I just read the comments from another retired NPS person (WT). His were pretty close to what I posted: zones unworkable, make a distinction between stock use and grazing (not the same).
You're spot on with administrative stock. That's half the use nights and a major, major impact that affects commercial users.
But I just don't understand how grazing of meadows by stock is accepted as part of the natural state of wilderness. It's not just you, it's everyone in NPS now. The whole management program is directed towards tweaking grazing nights, which is great. But what about people (and the meadow's ecology) who want and deserve a totally grazing, stock-free meadow? It's outrageous NPS doesn't provide that.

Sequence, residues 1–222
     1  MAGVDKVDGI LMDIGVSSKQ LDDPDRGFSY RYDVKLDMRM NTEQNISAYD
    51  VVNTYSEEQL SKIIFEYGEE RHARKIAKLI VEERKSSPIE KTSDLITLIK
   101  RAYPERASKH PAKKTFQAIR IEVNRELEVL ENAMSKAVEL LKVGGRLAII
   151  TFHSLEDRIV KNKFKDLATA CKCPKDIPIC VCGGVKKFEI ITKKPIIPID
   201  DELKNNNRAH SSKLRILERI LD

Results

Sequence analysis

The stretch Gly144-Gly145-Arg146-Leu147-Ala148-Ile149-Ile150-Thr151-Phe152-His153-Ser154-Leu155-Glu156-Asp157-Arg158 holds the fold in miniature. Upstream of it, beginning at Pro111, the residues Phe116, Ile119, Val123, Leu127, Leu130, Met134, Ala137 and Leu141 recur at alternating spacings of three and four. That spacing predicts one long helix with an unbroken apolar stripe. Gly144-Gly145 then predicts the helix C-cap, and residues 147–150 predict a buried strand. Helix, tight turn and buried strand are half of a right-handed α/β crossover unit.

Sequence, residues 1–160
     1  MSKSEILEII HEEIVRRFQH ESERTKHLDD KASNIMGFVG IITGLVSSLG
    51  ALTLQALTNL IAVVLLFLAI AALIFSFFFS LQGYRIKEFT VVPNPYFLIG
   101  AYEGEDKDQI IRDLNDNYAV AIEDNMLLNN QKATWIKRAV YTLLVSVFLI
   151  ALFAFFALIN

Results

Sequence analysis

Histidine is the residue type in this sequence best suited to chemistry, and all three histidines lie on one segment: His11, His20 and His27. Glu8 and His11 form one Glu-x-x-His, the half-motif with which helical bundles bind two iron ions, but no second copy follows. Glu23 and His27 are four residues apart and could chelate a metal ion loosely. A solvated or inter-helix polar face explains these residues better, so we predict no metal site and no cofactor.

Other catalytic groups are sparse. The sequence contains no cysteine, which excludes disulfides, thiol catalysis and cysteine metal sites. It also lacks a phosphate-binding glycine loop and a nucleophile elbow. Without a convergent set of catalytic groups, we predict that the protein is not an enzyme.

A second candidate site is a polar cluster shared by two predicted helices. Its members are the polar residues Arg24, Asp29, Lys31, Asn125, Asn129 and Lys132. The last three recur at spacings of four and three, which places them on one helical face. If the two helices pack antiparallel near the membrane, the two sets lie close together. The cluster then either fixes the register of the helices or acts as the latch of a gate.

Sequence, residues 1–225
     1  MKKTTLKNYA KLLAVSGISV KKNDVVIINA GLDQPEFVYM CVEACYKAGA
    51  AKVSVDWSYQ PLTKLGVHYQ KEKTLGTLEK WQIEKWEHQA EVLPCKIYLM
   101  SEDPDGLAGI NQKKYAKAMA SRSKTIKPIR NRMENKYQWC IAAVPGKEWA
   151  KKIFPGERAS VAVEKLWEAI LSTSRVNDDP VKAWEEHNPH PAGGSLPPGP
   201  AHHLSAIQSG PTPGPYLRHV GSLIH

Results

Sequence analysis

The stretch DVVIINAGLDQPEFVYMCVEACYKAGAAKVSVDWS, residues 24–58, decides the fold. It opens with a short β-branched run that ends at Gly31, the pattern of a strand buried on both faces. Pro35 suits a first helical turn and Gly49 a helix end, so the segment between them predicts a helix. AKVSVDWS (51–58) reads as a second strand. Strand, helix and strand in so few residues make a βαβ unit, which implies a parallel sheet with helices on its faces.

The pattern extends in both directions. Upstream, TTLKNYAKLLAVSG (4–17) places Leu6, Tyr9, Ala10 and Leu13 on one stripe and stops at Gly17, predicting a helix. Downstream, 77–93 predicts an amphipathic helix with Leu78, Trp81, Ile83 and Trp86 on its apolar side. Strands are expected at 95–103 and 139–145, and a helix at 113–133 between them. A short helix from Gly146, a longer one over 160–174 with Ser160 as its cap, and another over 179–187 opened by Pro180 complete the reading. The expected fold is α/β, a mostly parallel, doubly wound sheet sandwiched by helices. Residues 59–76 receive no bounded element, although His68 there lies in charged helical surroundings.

I've used this quote many times, but Randy had it absolutely right:
All the meadows in Evolution Valley were grazed this summer, and they all looked it. Yet Franklin Meadow apparently was not, and in October it was a place of knee high grasses, ripe and open panicles drifting on the moving air, luminous-bronze in the backlight. It was a very different place and a very different emotional experience of a mountain meadow, and entirely consistent with what one might rightly expect of a national park backcountry. It was a garden. I sometimes wonder whether range management concepts are any more applicable to our business than timber management concepts. The difference between a grazed meadow and a logged forest may only be one of scale.